Monday, October 3 was World Temperance Day and it is an appropriate time for us to reflect deeply on Sri Lanka’s battle against alcohol consumption. Temperance also means moderation or self restraint especially in eating and drinking.
Briefly taking up the second aspect, there is a need for us to re-commit ourselves to the hallowed precepts of a simple and humble lifestyle or Alpechchathavaya which means learning to be content with basic needs in terms of food. With millions of Sri Lankans still struggling to find their basic needs and a large number living below the poverty line we still see the rich and ruling elite or even others indulging in luxuries and extravagance, sometimes spending more than Rs.5,000 for a five-star meal. Millions of others including schoolchildren have become addicted to imported junk food or processed rubbish.
The National Government this year launched a three-year programme for Sri Lanka to grow its own food – grains, vegetables and fruits -- in our own country so that Sri Lankans could be healthier, wealthier, wiser and more productive in terms of our contribution to the sustainable, all inclusive and eco-friendly development of our country.
By gradually stopping the import of expensive and sometimes toxic agrochemicals, the Government also hopes to make Sri Lanka a ‘vasa visa nethi’ country. As for nutrition we should not follow the Western models where for instance in the United States some forty per cent of the people are known to be suffering from obesity. Medical science has shown that being excessively overweight, especially after the age of forty, could lead to various ailments including heart problems. A simple diet of gram, cowpea or green gram for breakfast, less rice and lots of vegetables for lunch and a simple dinner made of substances such as ‘rulang’ or ‘ulundu’ are recommended by people-friendly nutritionists. This gives us lots of good food for thought in this Temperance Week.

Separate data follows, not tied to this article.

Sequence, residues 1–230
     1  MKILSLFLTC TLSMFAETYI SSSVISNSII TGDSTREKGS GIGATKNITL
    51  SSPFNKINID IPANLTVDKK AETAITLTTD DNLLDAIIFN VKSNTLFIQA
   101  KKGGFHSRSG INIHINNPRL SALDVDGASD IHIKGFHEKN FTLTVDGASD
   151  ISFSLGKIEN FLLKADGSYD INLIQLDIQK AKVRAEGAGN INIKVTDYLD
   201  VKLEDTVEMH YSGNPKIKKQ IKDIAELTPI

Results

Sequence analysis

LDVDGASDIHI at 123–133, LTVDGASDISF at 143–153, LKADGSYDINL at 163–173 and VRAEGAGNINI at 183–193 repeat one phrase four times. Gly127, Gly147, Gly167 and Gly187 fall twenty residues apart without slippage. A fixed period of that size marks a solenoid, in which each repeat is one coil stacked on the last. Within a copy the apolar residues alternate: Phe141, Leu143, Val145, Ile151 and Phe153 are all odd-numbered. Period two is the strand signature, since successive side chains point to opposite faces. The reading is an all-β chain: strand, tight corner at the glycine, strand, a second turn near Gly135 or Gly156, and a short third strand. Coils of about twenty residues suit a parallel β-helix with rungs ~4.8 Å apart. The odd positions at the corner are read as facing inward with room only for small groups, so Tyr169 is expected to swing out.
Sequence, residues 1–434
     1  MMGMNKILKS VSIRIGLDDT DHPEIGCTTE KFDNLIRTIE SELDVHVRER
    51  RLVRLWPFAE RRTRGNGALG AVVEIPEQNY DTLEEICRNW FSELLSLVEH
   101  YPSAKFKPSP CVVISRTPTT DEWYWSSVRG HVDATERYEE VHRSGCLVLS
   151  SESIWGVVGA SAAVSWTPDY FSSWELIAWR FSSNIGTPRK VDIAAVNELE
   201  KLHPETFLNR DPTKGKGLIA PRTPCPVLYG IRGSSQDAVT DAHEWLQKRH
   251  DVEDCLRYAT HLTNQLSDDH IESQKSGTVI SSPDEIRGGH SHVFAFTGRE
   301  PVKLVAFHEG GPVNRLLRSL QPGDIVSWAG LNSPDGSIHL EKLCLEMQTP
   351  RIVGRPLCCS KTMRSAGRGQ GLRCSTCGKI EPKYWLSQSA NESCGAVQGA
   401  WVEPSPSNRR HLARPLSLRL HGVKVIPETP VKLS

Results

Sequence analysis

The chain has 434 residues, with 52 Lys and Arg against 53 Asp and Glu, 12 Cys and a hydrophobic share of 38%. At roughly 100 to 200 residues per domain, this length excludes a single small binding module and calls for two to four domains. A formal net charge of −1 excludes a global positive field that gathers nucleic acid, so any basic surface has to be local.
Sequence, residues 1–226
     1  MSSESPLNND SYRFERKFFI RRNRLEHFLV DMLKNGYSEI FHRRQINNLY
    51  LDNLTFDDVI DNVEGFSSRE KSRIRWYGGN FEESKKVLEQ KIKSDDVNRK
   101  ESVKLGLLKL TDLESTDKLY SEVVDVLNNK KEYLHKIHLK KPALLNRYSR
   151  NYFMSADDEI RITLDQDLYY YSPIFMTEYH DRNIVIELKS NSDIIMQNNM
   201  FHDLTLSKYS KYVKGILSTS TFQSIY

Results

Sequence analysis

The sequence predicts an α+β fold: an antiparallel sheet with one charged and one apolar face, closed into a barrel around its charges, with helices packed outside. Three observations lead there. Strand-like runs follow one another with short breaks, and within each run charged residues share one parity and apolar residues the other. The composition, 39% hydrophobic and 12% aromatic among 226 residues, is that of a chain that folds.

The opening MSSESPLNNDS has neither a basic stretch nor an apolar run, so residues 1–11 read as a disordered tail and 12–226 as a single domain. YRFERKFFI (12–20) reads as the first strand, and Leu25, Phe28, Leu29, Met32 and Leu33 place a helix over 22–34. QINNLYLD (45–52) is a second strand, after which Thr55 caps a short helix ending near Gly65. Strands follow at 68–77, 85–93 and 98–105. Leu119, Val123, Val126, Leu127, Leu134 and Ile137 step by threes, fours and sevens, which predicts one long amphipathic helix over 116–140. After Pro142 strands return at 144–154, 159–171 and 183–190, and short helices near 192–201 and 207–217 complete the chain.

As for alcohol consumption, some disturbing facts and figures are given in today’s Daily Mirror page 14 article by Dr. Anula Wijesundere, Consultant Physician and Vice President of the Temperance Association of Sri Lanka. According to her, alcohol dependence is a major health and social problem in Sri Lanka though few social and medical analysts speak out against this crisis which is destroying thousands of people in the prime of their lives. She warns that heavy drinking for a long time could lead to what is called the “Alcohol Dependence Syndrome”, the main symptoms of which are deterioration of physical and mental health, inter-personal relationships, moral and social standards and financial problems.
Dr. Wijesundere points out that 2,560 years ago, Gauthama the Buddha realized the evils of alcohol and advised the people to abstain from it. The Buddha showed 48 evil effects of alcohol but unfortunately many Buddhists appear to ignore his guidance.
According to World Health Organization (WHO) global figures for 2014, the per capita consumption of alcohol is 3.7 litres for both sexes and 7.3 litres for males only. These figures account for the use of legal or recorded alcohol only but it is well known that in Sri Lanka more than 55% of alcohol consumed by males is unrecorded or illicit alcohol or ‘Kassippu’. So the real figure is a staggering 8.9 litres, Dr. Wijesundere reveals. The total per capita consumption of alcohol among males in Sri Lanka amounts to 16.2 litres -- the highest among South Asian countries.
A Health Ministry survey last year showed that 34.8 % of Sri Lankan males consumed alcohol. However, the National Alcohol and Tobacco Authority (NATA) says that according to a survey this year, some 40% of Sri Lankans consume alcohol. Fortunately, the prevalence among Sri Lankan females is only 0.5%, and mostly involves the upcountry tea estate workers.
Dr. Wijesundere says that for the battle against the bottle to be won stakeholders should coordinate the operation. They include NATA, the Presidential Task Force, the Customs and the Excise Departments, the Police, religious dignitaries, voluntary societies, NGOs, medical & social support groups and other